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  • The story of a bug and major progress on the Plane9 screensaver

    published on 1/11/2009 11:40 PM

    The Plane9 screensaver have taken a few big steps towards an actual 1.0 release.

    For one I have finally found a bug that has been bothering me for literally years. The screensaver works on most machine but not on my HTPC running vista home. I tried to make a VM out of the HTPC computer but in the VM the screensaver worked. What happened was that as soon as the screensaver exited it also crashed with a windows error dialog. This was after the actuall screensaver had exited so my crash handlers didn't catch it. Visual studio has a quite good remote debugging application that you can use on another machine. However that application doesn't support Vista home. I seriously don't understand what Microsoft was thinking when they skip supporting the probably most used vista edition. I couldn't track down the problem the old fashioned way (Using log messages) since it crashed after the application had exited. The thing that started to unravel the crash mystery was that the screensaver only crashed when run in fullscreen. It didn't crash while running in test mode or in a debug build. So after a lot more work I figured it was the WS_POPUP that caused the problem during window create. But that really shouldn't create an issue like that so after a while I turned to the exit code and the way I stopped the screensaver. There in was the problem. The main cause of the problem was that the window class was freed before the window. So now it's fixed and I'm very happy to have finally found the error.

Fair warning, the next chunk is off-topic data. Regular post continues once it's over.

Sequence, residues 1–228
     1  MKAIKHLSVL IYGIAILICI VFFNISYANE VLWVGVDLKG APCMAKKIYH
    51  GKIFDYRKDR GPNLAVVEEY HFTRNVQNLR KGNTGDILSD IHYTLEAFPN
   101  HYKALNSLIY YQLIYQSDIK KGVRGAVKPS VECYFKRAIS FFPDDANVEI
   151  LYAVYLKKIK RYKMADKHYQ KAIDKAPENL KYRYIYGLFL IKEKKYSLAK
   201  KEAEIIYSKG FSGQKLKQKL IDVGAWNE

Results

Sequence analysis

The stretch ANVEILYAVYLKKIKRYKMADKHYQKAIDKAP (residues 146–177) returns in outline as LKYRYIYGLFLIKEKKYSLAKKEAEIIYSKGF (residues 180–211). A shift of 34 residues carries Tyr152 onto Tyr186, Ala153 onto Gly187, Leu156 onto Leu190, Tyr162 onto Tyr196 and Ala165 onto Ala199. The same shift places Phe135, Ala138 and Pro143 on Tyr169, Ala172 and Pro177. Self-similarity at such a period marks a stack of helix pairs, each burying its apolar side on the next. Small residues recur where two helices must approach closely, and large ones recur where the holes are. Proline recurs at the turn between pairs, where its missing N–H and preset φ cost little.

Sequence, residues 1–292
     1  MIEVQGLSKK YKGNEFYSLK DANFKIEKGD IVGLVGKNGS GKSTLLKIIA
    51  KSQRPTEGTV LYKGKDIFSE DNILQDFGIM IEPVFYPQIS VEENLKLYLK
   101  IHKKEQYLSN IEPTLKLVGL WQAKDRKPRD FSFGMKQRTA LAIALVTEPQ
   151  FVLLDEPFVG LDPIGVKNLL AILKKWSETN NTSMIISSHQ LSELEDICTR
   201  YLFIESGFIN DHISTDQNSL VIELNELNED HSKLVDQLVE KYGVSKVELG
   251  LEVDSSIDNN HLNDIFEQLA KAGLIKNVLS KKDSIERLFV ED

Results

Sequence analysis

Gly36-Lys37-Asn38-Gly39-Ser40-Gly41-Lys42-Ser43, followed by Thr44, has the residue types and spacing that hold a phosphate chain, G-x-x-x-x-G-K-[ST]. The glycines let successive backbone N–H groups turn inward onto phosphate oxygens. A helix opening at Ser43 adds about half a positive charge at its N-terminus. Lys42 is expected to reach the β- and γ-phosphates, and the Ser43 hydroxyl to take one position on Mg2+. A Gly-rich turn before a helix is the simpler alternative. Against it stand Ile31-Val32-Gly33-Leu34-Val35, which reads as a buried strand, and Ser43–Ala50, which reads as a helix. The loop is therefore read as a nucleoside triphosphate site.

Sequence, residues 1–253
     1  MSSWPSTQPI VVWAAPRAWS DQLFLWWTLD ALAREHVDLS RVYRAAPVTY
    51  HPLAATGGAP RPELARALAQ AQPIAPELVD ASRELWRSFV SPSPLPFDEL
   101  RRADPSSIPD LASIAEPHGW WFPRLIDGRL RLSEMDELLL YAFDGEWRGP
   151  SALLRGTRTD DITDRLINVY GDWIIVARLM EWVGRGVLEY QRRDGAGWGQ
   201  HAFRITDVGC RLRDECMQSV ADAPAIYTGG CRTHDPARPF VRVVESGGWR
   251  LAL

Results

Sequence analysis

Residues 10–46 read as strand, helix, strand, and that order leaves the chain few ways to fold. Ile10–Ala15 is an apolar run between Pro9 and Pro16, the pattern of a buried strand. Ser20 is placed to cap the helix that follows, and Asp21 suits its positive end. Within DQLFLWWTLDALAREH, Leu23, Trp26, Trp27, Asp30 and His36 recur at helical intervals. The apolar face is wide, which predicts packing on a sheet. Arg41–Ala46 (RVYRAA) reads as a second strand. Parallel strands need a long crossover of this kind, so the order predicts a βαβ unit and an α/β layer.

I have also fixed a few other issues in the editor and remade the ports window. Furthermore 2 new nodes have been added. A delayed transform node that renders an object a number of times and while doing so applies a transform to each new copy. But the thing is that there is a delay before the change travels to the next object instance. This can create some rather nice effects.

    The other node is no less than a particle node. It's quite basic yet but it support all the important things like multiple emitter types (line, sphere, cube, cylinder) changes in size and color relative the the life of the individual particel and so forth. All in less then 500 lines of code. As it seems now so will I have to add new node types for collision and forces (Wind, magnets and so forth) but that will come later.

    An example of this and also the first scene that has been created from scratch in the editor is show in the following image ![

    The scene dag used to create the scene above isn't more advanced than can be seen here. On the right side you can see the new port window ![ The nice thing about the system is that it works as I intended it to. That is that you can start to play around with the values and all of the sudden you have something that looks nice. While starting on this scene I had no clue as to what it was going to be. I just added nodes and adjusted values as I went along.